Expert advice on rights of way from Truth Legal
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Rights of way across private land are often seen as fundamental rights by the people involved. This means that if rights of way are interfered with, disputes are often quick to follow.
Maybe you have always been allowed across someone else’s land, only to now find that they are refusing you access?
Perhaps you are no longer happy with your neighbours going across your land, or you dispute that they ever had this right of way?
Disputes regarding excessive use or failure to maintain and repair rights of way are common.
When you feel your rights are threatened, you should always seek legal advice before doing anything drastic or confrontational. If you take the time to find out your legal position, it can prevent further problems from arising.
Truth Legal is here to help you. Our friendly and knowledgeable solicitors have expertise in property litigation and have helped to resolve many different kinds of property dispute. Call us today to arrange a consultation and get clear advice and guidance on your legal position.
Rights of way are sometimes called ‘easements’. It is not easy to give a short definition of an easement as the term can cover many other kinds of rights over land, such as rights to light. However, it may help you to know the word, as, in many cases, it is used as just another name for a right of way.
The law around easements sets certain requirements which apply to rights of way. Some of these are very technical in nature. However, in its simplest form, an easement is a right to enter and use somebody else’s land for a particular purpose. For example, to pass across to gain access to your own land.
How do rights of way come about?
Rights of way can be created in a number of different ways. Not all of these will mean that the right is detailed on the Land Registry or in the title deeds of a property. They can occur through:
- A clear express agreement – this is usually agreed when land, or part of it, is being sold. It ensures that the precise terms are recorded in writing.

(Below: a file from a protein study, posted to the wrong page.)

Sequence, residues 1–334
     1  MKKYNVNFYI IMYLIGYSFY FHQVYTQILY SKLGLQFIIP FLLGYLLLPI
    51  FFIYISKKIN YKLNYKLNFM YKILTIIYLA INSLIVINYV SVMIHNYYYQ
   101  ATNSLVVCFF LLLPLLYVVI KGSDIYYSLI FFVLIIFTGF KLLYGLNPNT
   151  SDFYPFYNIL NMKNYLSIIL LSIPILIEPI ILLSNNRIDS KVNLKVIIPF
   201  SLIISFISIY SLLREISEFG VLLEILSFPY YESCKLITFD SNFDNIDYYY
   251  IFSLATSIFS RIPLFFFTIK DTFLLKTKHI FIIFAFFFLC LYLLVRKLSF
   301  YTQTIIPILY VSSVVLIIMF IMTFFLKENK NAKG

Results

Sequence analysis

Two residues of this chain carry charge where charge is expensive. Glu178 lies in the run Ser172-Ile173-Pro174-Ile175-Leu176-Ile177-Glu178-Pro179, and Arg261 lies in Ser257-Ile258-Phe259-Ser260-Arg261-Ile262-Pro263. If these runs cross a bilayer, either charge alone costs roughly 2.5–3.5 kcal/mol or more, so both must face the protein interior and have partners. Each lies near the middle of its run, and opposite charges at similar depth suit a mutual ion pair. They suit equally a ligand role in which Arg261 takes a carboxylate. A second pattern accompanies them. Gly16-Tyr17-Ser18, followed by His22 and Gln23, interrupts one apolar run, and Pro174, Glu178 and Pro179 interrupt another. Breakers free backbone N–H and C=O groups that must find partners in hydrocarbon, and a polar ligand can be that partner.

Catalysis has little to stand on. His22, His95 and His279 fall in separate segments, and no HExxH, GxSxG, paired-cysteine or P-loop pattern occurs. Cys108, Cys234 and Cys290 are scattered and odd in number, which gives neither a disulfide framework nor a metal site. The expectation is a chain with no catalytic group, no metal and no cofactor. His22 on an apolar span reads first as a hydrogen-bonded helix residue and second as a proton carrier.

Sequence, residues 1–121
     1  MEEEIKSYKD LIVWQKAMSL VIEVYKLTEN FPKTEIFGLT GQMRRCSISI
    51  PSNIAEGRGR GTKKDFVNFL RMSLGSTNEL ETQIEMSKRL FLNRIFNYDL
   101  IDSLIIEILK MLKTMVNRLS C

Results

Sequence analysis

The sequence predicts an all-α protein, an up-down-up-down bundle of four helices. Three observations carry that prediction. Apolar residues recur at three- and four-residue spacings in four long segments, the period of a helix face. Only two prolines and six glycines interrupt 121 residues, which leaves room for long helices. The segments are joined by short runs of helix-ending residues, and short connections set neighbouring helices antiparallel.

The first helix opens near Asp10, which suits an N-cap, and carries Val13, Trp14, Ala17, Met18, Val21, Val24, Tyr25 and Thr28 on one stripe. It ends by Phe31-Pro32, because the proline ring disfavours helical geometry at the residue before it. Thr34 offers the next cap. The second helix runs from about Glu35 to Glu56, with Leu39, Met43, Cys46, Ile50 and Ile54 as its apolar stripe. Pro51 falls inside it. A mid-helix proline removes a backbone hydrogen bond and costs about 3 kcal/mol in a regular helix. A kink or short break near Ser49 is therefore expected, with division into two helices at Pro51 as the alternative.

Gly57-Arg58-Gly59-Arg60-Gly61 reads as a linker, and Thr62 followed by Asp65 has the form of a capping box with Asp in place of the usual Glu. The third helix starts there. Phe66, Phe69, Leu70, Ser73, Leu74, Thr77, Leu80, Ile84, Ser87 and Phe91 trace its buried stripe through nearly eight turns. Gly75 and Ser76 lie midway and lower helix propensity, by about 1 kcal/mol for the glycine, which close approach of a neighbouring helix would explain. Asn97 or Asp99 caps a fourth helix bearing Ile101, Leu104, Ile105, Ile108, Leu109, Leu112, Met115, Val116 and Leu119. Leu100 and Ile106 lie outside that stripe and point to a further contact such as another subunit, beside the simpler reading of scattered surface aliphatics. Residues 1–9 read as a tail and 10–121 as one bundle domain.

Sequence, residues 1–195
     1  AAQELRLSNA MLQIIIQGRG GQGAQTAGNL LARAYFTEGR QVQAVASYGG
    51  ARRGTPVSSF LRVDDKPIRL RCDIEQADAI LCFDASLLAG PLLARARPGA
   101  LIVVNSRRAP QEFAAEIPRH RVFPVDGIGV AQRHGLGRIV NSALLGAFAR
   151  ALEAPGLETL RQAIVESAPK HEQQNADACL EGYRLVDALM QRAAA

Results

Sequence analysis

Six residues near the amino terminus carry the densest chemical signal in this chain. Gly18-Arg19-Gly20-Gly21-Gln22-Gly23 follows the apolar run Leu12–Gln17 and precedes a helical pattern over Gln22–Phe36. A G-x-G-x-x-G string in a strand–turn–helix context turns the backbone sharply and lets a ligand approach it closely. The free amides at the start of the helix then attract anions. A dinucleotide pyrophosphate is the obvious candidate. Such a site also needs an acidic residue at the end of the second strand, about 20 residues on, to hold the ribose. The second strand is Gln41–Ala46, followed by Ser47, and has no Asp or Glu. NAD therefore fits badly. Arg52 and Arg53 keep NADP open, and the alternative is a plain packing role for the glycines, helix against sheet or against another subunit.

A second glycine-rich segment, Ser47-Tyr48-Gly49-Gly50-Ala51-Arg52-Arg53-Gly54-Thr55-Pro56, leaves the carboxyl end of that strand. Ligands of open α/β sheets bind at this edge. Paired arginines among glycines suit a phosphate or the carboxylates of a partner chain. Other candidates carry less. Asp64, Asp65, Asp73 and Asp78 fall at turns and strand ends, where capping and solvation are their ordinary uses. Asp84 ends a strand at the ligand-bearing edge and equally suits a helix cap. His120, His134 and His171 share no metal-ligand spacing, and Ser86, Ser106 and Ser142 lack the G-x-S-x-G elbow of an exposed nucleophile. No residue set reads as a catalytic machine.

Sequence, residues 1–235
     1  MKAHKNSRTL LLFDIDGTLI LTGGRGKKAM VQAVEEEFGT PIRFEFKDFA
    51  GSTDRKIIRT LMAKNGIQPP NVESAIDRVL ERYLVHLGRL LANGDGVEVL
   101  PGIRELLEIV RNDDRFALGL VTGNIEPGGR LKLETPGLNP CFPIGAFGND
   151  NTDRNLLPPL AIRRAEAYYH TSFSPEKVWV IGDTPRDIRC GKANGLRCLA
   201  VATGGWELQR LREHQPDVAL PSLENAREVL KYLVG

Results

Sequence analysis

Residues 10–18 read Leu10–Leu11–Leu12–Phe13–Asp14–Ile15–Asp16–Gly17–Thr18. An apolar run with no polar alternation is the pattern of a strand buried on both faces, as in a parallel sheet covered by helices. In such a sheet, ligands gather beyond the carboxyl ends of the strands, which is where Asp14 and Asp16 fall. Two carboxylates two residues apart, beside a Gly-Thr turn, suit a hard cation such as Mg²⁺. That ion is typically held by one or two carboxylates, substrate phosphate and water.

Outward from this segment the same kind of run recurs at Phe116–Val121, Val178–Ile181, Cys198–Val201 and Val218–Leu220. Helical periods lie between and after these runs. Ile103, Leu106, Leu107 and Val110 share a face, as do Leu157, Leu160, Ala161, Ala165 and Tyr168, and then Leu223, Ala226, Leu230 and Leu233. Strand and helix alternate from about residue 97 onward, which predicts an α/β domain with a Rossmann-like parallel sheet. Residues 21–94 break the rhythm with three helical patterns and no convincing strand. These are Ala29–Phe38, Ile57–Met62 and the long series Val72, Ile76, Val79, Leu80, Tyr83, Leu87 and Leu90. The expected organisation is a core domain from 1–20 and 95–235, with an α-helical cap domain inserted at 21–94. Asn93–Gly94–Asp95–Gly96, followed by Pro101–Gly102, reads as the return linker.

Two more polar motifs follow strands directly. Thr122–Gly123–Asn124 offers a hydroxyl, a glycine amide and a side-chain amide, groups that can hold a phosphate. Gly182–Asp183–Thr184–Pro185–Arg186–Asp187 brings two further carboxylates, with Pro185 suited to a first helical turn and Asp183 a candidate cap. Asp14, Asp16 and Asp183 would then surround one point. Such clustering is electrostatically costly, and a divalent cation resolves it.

- Implied agreement – this will usually happen if part of land is sold. When land is sold, the land will retain the benefit of existing rights of way. For example, if the buyer needs to cross the land kept by the seller to enjoy their newly bought land.
- Necessity – if the only way to access a piece of land from a public highway is over someone else’s land, then an automatic right of way may arise.
- Long use – if someone repeatedly crosses someone else’s land then a right of way may arise. However, there are further conditions to this. The access:
- must have been sufficiently regular over a period of at least 20 years; and
- must not have been with the landowner’s permission; and
- must not have been done with secrecy or force.
What does a right of way allow?
It is important to note that not all rights of way allow for the same level of access. Some may allow many different means of access such as vehicles, bicycles, horses, pedestrians, etc., whereas others may restrict access to fewer methods or specify just one.
What happens if a right of way is being interfered with?
You may be able to take action against your neighbour for any “substantial interference” with a right of way. Equally, your neighbour may accuse you of “substantially interfering” with a right of way.
When considering this issue, a court will ask whether the right of way can be exercised as practically and conveniently as before the interference. Examples of when a court has found that there has been substantial interference include the construction of a wall and the erection of numerous gates.
If a court considers that a right of way has been substantially interfered with then it can grant an injunction to stop the interference and/or award damages to the party with the benefit of the right of way.
How can Truth Legal help?
Disputes over rights of way can be complicated. Our solicitors can provide you with the legal support you need to ensure these disputes are resolved as favourably for you as possible.
Truth Legal has been built on the principle of providing ethical and effective legal services to all of our clients. This means being open and honest, giving clear, helpful advice, and protecting your rights.
We are based in Harrogate with presences in York, Manchester, and London.
How much will our service cost?
Truth Legal offers affordable fixed fees or hourly rates – allowing you a flexible and cost-effective service. You may also have Legal Expenses Insurance on your home insurance policy allowing some or all of your legal costs to the paid by your home insurance.
If you would like expert advice on easements and rights of way, tailored to your unique situation, contact Truth Legal today.